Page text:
'Fastest ever' broadband passes speed test
The "fastest ever" broadband speeds have been achieved in a test in London, raising hopes of more efficient data transfer via existing infrastructure.
Alcatel-Lucent and BT said speeds of 1.4 terabits per second were achieved during their joint test - enough to send 44 uncompressed HD films a second.
The test was conducted on a 410km (255-mile) link between the BT Tower in central London and Ipswich.
However, it may be many years before consumers notice any effect.
But the breakthrough is being seen as highly important for internet service providers (ISPs), as it means a greater amount of information can be sent through existing broadband infrastructure, reducing the need for costly upgrades.
"BT and Alcatel-Lucent are making more from what they've got," explained Oliver Johnson, chief executive of broadband analyst firm Point Topic.
"It allows them to increase their capacity without having to spend much more money."
Alcatel-Lucent told the BBC that the demand for higher bandwidth grew by around 35% every year, making the need for more efficient ways to transfer data a massively pressing issue for ISPs, particularly with the growing popularity of data-heavy online services, such as film-streaming website Netflix.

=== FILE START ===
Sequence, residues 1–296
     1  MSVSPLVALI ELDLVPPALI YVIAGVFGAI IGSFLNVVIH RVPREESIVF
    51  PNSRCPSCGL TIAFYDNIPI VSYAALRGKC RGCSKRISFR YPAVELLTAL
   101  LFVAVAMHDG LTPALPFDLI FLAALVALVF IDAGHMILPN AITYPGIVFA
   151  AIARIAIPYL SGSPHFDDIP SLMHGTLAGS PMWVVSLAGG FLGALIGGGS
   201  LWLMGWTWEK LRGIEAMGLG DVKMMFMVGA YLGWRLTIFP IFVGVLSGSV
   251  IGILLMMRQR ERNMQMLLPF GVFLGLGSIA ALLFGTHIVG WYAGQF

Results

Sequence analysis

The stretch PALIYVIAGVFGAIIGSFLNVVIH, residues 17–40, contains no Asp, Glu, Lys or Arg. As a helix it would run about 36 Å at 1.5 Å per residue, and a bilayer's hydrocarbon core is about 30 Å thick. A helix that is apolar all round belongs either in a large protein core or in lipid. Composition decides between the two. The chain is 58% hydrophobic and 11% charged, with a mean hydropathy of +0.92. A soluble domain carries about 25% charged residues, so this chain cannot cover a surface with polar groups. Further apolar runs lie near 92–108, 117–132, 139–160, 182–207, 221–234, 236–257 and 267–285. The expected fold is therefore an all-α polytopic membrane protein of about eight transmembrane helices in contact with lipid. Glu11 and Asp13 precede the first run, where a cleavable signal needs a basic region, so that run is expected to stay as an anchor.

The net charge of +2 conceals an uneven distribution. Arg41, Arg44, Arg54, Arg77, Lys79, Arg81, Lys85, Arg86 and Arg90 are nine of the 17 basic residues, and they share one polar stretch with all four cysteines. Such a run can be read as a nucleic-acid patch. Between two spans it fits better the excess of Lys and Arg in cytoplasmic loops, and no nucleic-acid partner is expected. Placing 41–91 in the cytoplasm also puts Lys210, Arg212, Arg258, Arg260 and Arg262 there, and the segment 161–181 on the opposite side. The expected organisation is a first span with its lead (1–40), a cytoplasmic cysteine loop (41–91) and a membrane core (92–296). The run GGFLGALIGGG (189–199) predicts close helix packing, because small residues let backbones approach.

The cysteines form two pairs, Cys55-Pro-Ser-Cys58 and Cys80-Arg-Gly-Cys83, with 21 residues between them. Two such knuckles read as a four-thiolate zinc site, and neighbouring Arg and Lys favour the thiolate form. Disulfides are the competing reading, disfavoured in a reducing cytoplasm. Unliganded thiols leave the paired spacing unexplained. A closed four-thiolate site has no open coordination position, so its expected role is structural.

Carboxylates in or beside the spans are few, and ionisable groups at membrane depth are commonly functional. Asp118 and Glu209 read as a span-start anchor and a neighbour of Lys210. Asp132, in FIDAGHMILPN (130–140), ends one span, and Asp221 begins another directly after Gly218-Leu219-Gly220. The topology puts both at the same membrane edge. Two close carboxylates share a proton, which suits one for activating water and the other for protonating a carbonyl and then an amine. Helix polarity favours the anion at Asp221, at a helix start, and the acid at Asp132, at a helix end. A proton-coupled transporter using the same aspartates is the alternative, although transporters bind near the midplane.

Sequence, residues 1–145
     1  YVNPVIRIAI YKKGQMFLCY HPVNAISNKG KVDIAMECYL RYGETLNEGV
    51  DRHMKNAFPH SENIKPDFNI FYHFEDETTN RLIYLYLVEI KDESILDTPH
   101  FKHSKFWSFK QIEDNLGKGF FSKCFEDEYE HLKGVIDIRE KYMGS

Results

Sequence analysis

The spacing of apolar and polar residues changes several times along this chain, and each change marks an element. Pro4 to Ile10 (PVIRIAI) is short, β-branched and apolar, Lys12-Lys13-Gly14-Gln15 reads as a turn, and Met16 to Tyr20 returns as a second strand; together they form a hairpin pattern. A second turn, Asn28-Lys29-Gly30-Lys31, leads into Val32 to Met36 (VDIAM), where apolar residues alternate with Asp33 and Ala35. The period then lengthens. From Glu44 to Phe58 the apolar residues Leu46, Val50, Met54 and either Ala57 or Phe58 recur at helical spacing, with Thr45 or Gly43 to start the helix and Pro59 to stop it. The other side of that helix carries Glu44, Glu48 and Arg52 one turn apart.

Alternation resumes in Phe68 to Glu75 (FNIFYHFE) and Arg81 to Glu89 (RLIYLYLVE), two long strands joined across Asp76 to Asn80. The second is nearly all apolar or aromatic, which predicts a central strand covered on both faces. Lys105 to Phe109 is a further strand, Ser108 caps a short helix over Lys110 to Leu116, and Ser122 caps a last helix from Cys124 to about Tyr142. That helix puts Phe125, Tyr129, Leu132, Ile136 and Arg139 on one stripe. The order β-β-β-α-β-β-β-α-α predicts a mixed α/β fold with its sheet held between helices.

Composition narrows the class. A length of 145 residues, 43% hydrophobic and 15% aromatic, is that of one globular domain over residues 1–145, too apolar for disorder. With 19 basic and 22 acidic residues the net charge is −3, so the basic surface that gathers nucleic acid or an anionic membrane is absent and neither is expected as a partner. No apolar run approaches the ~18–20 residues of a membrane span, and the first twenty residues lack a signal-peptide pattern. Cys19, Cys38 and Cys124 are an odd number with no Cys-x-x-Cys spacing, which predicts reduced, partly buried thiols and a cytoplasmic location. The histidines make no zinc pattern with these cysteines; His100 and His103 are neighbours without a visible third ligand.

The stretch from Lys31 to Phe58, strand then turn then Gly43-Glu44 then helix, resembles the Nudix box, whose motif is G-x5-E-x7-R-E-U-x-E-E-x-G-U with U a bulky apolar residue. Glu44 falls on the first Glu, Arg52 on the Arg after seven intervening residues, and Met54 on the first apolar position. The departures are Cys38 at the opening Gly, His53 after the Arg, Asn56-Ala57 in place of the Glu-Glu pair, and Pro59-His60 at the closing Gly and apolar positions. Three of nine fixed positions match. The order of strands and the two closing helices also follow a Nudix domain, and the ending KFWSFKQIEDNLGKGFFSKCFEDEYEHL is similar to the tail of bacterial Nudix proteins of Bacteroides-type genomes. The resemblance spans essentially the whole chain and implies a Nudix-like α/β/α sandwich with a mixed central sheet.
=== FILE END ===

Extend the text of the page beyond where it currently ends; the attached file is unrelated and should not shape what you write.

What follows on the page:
There are faster methods of transmitting data - such as the use of complex laser technology - but this is the first test to achieve such high speeds in "real world" conditions, outside testing labs.
The high speeds were achieved using existing fibre cable technology that has already been installed in much of the UK and other parts of the world.
Kevin Drury, optical marketing leader at Alcatel-Lucent, likened the development to reducing space between lanes on a busy motorway, enabling more lanes of traffic to flow through the same area.
He said flexibility meant some could be adapted to specific needs - like opening an extra lane during the morning rush hour.
In internet terms, this would mean, for example, streaming video would get a large, wide lane, while accessing standard web pages would need only a small part of the fibre's capacity.
However, pushing more data through fibre cables presents a challenge.
"The trade-off is, the more you squeeze into a fibre line, the more potential there is for interference and for error," explained Mr Johnson.
"What has got better is the fact they are able to pack these channels closer together and into the same space."
Alcatel-Lucent and BT said their test demonstrated "stable, error-free operation".
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